Some call it a mirage, other call it AGI

GPT-4: Sparks of Artificial General Intelligence in Machine Learning and Other Social Networks – A Conversation with Bubeck and Spiegel

Bubeck and other AI researchers at Microsoft were inspired to wade into the debate by their experiences with GPT-4. A few weeks after the system was plugged into Bing and its new chat feature was launched, the company released a paper claiming that in early experiments, GPT-4 showed “sparks of artificial general intelligence.”

That night, Bubeck got up, went to his computer, and asked GPT-4 to draw a unicorn using TikZ, a relatively obscure programming language for generating scientific diagrams. Bubeck was using a version of GPT-4 that only worked with text, not images. The model presented him with a code that made a crude image from squares, circles, and triangles. It was obvious to Bubeck that the elements of such a creature needed to be grasped. “Something new is happening here,” he says. “Maybe for the first time we have something that we could call intelligence.”

The authors presented a scattering of examples in which the system performed tasks that appear to reflect more general intelligence, significantly beyond previous systems such as GPT-3. The examples show that unlike most previous AI programs, GPT-4 is not limited to a specific task but can turn its hand to all sorts of problems—a necessary quality of general intelligence.

Scientists who study aspects of human intelligence say that GPT-4 differs from our own in important ways. The models have an tendency to make things up, but that divergence goes deeper. Millions of people are using technology every day and companies are betting on it, so it’s a mystery.

My AI is also becoming a more integral part of Snapchat. It will now be added to group chats with a symbol, and people can change their look and name with a custom Bitmojiavatar. In addition, My AI can now recommend AR filters to use in Snapchat’s camera or places to visit from the app’s map tab. And Snap plans to soon let people visually message My AI and receive generated responses; an example shown during the company’s annual conference today showed a photo of tomatoes in a garden, prompting the bot to respond with a generated image of gazpacho soup.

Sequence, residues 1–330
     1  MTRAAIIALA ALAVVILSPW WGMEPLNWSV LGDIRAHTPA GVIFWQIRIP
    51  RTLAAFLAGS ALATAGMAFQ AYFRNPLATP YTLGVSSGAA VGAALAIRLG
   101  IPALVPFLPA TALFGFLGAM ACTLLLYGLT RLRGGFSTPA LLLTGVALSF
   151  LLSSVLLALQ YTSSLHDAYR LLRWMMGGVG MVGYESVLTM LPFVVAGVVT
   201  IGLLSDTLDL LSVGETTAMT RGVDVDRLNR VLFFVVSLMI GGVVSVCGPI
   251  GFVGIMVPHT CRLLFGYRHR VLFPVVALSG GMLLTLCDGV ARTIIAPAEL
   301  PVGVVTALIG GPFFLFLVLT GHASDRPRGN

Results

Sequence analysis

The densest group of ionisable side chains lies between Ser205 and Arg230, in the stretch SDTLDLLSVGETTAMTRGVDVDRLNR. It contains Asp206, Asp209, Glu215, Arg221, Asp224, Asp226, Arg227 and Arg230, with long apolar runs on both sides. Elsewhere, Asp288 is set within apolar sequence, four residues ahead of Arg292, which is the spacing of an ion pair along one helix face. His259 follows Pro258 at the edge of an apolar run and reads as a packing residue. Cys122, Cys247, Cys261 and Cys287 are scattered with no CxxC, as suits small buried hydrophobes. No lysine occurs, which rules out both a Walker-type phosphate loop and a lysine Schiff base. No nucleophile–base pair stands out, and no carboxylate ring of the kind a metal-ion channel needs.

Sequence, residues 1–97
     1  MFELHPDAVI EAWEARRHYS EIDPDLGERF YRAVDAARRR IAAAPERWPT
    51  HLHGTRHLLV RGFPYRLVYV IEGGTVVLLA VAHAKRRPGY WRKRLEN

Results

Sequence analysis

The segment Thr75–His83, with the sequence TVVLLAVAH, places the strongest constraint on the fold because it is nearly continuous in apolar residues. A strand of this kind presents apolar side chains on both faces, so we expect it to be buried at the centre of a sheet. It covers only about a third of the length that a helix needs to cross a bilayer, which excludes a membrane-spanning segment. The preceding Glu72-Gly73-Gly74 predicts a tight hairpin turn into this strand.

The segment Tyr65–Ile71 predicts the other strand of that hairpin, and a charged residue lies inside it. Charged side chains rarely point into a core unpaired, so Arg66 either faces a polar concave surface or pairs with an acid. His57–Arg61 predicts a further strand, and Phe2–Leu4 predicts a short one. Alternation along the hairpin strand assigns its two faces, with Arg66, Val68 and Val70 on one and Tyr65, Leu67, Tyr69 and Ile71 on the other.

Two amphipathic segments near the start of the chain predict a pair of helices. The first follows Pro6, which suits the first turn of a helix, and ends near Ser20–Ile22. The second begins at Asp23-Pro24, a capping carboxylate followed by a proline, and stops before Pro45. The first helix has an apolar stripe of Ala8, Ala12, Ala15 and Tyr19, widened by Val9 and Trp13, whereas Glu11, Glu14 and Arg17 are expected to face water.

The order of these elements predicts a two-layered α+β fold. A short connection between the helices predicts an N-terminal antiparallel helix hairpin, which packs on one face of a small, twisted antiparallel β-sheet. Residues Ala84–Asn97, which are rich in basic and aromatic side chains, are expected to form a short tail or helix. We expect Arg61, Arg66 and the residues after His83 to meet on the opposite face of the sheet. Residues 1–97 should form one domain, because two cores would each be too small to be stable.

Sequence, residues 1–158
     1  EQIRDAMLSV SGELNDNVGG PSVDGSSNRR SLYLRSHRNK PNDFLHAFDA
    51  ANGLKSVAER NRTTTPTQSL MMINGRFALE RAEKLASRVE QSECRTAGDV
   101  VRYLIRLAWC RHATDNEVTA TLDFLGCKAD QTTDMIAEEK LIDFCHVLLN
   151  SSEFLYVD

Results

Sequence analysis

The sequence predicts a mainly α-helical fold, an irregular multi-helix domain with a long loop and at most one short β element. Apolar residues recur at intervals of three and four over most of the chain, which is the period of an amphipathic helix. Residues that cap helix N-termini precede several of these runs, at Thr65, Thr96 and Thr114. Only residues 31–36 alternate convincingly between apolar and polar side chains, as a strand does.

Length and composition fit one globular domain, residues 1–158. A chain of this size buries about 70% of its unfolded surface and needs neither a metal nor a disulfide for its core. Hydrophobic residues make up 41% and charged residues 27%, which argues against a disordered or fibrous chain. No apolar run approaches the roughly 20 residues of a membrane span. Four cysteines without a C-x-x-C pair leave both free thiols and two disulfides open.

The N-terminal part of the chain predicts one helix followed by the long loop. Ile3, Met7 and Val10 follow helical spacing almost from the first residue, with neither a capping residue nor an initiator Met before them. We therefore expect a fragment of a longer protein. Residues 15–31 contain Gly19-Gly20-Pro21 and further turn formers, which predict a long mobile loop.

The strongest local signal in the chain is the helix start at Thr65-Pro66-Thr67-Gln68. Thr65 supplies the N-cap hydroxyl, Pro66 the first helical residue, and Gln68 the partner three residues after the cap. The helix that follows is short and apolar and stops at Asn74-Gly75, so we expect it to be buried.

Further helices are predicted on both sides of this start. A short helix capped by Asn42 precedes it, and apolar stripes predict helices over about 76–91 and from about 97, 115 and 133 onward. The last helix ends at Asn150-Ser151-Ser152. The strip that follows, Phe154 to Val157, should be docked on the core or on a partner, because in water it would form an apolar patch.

“Just based on the way that they work, I think they’re much more suited to creative tasks,” Spiegel says of generative AI bots. “And some of the things that make them so creative are also the things that make them not so great at recalling specific information.”

Spiegel remains tight-mouthed on the impact of My Artificial intelligence on its advertising business, which has faced a number of growth challenges. He acknowledges the possibility of using my artificial intelligence to help with ad targeting but doesn’t elaborate further, indicating possible developments in the near future.

The majority of the interactions with My AI have been positive despite the problematic ones. He says that they found that 98.5% of My Artificial Intelligence replies conformed to community guidelines.

There’s a debate raging in the AI industry about whether companies should anthropomorphize chatbots with human personas. According to Spiegel, the ability to change My AI’s name and customize its appearance was one of the top requests from early users. That tells me that human desire to personalize things, and make them feel like they are their own.

As for the broader concerns regarding the potential harm of generative AI, Spiegel offers an optimistic perspective: “When I compare this to almost any other technology that has been invented in the last 20 years, it’d be hard to name one where people have been more thoughtful about the way it’s being implemented and rolled out.”

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